Conversation around the controversial direct-sales model is rearing its head once again, showing evidence of automakers' wishes to steer more of the retail process as the new-vehicle sales market evolves. Parts of a revamped sales model could be beneficial to dealers and the industry, but dealers should be wary of giving too much control to automakers.
Last month, Mercedes-Benz said it would cut 15 to 20 percent of its dealerships in Germany and about 10 percent globally in favor of a more direct sales model, where the automaker sets the price and dealers deliver the vehicle to the customer for a commission.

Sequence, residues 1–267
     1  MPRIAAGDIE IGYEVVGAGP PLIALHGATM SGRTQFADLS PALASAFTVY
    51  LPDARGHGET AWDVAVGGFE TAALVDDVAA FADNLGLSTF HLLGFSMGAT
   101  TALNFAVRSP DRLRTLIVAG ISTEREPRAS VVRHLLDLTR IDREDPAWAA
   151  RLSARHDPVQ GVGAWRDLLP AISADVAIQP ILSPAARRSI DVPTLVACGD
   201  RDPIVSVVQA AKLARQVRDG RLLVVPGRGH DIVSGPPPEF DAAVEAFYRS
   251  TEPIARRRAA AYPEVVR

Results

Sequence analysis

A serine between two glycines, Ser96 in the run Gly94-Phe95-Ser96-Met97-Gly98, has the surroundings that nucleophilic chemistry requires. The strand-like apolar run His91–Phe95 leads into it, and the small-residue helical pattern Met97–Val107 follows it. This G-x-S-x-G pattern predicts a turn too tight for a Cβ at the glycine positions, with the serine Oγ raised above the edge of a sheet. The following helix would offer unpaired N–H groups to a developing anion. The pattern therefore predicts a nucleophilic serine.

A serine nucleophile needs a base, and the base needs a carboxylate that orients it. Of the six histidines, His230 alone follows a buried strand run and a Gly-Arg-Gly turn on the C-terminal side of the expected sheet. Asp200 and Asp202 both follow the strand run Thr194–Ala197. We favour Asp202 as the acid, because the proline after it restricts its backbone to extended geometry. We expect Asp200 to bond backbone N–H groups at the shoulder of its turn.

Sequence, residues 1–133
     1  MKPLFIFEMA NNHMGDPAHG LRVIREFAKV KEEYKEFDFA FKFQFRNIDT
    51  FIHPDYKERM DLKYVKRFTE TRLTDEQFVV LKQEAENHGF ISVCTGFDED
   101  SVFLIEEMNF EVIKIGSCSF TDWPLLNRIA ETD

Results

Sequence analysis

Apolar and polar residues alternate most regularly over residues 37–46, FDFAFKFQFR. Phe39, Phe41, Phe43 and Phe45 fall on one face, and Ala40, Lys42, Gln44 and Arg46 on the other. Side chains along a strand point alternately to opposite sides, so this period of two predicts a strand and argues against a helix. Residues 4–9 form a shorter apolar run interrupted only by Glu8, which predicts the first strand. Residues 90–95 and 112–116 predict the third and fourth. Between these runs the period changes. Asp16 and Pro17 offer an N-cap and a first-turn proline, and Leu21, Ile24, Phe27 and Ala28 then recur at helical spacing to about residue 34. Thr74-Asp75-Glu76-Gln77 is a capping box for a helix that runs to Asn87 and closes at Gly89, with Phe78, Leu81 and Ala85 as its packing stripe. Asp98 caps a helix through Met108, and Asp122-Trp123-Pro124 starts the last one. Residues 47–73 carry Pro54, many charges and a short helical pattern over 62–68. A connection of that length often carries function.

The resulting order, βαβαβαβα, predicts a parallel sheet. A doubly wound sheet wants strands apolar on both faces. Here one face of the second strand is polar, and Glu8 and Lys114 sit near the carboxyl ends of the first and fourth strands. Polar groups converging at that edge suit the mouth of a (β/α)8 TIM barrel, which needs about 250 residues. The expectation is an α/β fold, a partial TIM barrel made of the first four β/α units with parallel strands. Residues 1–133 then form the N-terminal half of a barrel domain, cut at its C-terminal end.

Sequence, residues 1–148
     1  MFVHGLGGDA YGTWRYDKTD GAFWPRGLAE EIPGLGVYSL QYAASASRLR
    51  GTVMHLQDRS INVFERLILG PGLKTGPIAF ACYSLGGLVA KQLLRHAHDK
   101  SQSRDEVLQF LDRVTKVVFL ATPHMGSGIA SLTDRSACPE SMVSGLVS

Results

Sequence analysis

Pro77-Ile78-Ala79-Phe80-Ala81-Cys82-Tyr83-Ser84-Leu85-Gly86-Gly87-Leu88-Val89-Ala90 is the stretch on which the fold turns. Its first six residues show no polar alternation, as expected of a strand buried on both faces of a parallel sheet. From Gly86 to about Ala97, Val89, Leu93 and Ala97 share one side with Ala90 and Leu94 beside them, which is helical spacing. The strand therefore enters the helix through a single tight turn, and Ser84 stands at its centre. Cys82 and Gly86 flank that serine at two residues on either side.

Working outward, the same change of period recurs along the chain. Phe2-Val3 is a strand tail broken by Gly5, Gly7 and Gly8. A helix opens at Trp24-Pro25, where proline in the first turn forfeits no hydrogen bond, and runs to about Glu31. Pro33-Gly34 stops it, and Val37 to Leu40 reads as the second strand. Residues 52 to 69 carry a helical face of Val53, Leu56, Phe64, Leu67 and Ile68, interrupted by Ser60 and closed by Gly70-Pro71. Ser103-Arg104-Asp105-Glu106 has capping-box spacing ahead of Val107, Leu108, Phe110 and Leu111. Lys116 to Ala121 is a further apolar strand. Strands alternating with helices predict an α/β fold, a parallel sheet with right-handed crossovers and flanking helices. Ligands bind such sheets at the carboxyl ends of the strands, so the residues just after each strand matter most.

Other automakers, including Volkswagen and Stellantis, are also experimenting with the agency model in Europe.
The change may be indicative of automakers' true desires globally. Manufacturers have long tried to influence more of the retail model in various ways, such as requiring expensive dealership facility upgrades or publicly shaming dealers who flex their pricing power. Dealers should be cognizant of changes that significantly impact their business and restrict their independence. Retailers who agree to an agency model should be aware of potential changes to delivery fees. Those who remain independent, forgoing an agency model, should be wary of allocation punishment.
Mercedes-Benz confirmed that there are no plans for dealership consolidation in the U.S.